Found December 05, 2011 on MRISports:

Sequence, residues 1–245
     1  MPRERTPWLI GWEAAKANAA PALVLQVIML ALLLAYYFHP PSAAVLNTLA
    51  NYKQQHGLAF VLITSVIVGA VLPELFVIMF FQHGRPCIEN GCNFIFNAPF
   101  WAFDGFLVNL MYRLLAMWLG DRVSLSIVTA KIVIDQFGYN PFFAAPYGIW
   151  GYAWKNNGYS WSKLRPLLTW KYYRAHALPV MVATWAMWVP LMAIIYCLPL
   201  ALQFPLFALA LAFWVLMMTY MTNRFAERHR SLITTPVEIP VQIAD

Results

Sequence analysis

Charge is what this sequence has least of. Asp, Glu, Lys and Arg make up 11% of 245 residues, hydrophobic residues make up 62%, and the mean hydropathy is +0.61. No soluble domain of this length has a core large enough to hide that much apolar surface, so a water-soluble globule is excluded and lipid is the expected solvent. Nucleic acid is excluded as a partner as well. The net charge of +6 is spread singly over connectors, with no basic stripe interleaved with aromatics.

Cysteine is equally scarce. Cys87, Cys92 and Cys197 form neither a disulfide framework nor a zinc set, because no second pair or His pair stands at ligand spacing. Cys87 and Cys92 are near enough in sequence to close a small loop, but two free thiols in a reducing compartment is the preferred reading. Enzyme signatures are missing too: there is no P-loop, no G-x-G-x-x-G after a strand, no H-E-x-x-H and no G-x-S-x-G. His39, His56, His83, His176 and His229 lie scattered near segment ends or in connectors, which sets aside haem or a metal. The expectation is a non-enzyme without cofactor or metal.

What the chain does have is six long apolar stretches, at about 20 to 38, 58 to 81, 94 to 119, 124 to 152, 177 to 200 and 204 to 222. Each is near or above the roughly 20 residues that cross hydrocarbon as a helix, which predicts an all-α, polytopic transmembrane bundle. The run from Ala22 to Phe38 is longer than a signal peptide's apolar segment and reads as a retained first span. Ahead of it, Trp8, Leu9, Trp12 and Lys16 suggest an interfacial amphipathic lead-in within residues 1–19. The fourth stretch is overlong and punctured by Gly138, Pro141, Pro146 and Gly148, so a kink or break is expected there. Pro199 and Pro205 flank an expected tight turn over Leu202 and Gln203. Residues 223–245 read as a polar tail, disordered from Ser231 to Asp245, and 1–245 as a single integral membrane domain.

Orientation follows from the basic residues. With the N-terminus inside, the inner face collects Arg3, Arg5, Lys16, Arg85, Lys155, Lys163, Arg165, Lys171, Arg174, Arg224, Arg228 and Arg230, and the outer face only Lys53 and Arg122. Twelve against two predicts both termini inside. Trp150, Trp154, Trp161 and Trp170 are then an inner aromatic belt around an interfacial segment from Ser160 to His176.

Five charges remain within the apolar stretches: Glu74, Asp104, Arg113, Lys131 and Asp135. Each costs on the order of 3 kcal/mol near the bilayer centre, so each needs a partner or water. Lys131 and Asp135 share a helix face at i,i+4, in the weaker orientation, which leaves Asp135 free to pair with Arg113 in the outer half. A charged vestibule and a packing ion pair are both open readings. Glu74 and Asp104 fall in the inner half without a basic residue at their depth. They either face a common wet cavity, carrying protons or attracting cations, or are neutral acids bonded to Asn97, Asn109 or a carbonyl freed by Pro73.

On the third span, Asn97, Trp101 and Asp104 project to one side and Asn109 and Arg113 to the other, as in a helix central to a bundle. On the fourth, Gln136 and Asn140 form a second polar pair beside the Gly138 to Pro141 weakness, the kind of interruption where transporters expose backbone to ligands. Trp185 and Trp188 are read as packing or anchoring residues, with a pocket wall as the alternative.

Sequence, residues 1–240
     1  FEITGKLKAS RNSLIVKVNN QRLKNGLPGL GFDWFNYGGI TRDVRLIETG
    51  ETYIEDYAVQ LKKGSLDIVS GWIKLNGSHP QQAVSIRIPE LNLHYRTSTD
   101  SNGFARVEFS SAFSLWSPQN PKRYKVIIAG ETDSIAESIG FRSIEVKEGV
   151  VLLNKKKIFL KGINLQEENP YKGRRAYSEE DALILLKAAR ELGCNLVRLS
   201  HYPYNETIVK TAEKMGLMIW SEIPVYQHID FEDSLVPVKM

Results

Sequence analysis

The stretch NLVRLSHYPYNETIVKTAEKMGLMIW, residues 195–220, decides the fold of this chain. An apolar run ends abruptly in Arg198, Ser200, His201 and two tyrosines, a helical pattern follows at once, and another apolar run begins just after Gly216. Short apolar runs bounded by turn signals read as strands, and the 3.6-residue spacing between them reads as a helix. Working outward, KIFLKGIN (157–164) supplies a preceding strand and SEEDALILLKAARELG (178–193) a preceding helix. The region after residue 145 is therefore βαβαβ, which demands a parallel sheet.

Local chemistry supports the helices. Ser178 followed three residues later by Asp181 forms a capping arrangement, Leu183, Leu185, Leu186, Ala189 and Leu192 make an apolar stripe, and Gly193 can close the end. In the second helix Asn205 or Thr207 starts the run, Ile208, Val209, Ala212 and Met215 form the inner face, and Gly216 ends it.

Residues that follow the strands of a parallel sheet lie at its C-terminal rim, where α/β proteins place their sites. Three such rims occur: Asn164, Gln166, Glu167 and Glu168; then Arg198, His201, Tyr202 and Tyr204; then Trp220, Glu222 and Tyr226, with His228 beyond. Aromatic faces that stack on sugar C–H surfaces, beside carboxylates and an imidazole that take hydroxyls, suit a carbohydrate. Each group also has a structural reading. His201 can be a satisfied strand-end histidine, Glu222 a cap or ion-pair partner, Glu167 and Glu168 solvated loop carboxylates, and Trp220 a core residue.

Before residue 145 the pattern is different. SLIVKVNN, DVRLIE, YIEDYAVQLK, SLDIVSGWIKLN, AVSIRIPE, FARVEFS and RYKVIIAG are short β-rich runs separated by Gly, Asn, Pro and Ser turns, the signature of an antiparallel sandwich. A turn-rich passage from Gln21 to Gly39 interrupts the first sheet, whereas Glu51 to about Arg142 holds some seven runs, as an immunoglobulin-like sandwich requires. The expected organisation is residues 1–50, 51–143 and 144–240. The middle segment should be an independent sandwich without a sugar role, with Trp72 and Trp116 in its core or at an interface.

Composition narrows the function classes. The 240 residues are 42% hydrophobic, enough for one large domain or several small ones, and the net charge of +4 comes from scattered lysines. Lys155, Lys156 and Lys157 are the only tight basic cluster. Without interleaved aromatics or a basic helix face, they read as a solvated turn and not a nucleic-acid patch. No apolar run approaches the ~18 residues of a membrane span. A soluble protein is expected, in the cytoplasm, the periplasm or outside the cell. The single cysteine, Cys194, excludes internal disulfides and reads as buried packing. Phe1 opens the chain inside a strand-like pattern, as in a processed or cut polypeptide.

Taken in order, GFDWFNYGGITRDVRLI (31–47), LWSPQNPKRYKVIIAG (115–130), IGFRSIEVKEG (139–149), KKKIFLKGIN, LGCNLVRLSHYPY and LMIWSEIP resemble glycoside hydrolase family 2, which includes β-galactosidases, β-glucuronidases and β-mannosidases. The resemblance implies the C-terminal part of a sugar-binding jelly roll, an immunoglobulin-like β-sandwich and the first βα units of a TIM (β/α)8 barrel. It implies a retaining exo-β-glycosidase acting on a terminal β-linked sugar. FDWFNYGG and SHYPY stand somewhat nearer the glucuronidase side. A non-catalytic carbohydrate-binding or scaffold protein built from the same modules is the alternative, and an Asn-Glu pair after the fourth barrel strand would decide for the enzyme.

More than a decade into the BCS era and I am still amazed at the outrage over who is selected to play in the BCS bowls outside of the Championship Game. There is a lot of money on the line for sure, but the fact remains that the other bowls are most often a side show to the big one. Unless there is a year without a clear No. 1, the other games don't matter, no matter what bowl supporters will tell you. Fans get to watch their team one more time (and for some teams -- Illinois, UCLA, Purdue -- this isn't a good thing), and that is it. So when Kansas State was left out of a BCS bowl, and instead is shipped to the Cotton Bowl, it didn't really bother me. After all, the Wildcats were 36th in the MRI. Yes, No. 36. That is out of even "on the bubble" range. The outrage began on Saturday night when there were rumors that Virginia Tech might sneak over Kansas State. It continued through Sunday night and the official announcement. People on Twitter were considering how much they would need to drink in order to make sense of this travesty. Sorry, I don't see the problem. The MRI might be in the minority... or singularity here, but Virginia Tech was much higher in the rankings than Kansas state. Whereas most of the computers had the Wildcats within the top five, the MRI was not so nice. The MRI did agree with the other buckets of bytes on the ranking of Virginia Tech. So why was Kansas State so far off? First let's remember, the MRI utilizes a weighted margin of victory in the rankings. It is an important distinction, and one that makes the BCS computers "inaccurate" in a way. And second, the MRI is the only computer that actually incorporates the performance on the field. Another way to put it is that the MRI looks at the building blocks of the end results: how well an offense did, how well a defense did, how much a team dominated. In a sense, the MRI incorporates the "eye test" without needing to see anything because all of the inputs into a win are part of the formula. And in the eye test, Kansas State loses, big time. Based on the MRI strength of schedule, the two teams are about even. That may seem hard to believe given the difference between the ACC and Big 12 this season. But lost in all the upper level strength of the Big 12 was that Kansas State also played Eastern Kentucky and Kent State, along with Miami. They also got the fun games against Kansas, troublemaker Iowa State and a fading Texas A&M. Virginia Tech's similar weakness was against Appalachian State, East Carolina and Marshall. And then Boston College, Duke and Miami. The one big difference might be that Virginia Tech got to play against Arkansas State, a team that ended up No. 22 in the MRI. The Hokies were one of the two teams that beat the Red Wolves this year (along with Illinois). Nothing here separates the teams clearly. Nothing hears warrants the "Don't ever schedule anyone" cries that come from the doubters. Nothing here is enough to say that Virginia Tech did anything different than Kansas State did, because the Wildcats... they didn't exactly schedule LSU, did they? Next, go back to the margin of victory. Kansas State won two games by more than a touchdown: Kent State and Kansas. That includes just a three-point win by the Wildcats over Eastern Kentucky. The best win by the Wildcats was a 1-point victory over a No. 15 Baylor, followed by a 4-point win over No. 23 Texas. Virginia Tech had seven games that they won by more than a touchdown. The best win was an 11-point win over a No. 21 Georgia Tech, followed by its 26-7 beating of Arkansas State (that is still not ranked, although probably deserves to be and will show that in the bowl game against Northern Illinois. Yes, they are good). If you go further down the list of "inputs" into the MRI, Virginia Tech wins out. Passing offense: Kansas State, 109th; Virginia Tech, 66th Rushing offense: Kansas State, 29th; Virginia Tech, 31st Defense: Kansas State, 74th; Virginia Tech, 13th Turnover differential: Kansas State +13; Virginia Tech, +6 The numbers aren't totally in favor of the Hokies, but Virginia Tech win the head-to-head battles by a wide margin. And if you consider how teams that have a high number of close victories and a turnover differential clearly in their favor are more likely to regress the next season, Kansas State almost lucked into this season. The MRI isn't the end all of computer rankings. It isn't the absolute arbiter of what is correct in college football. But Virginia Tech outperformed the Wildcats this season. That and they bring a lot of fans to bowl games. The Sugar Bowl will not be disappointed in their selection, even if Kansas State fans are.

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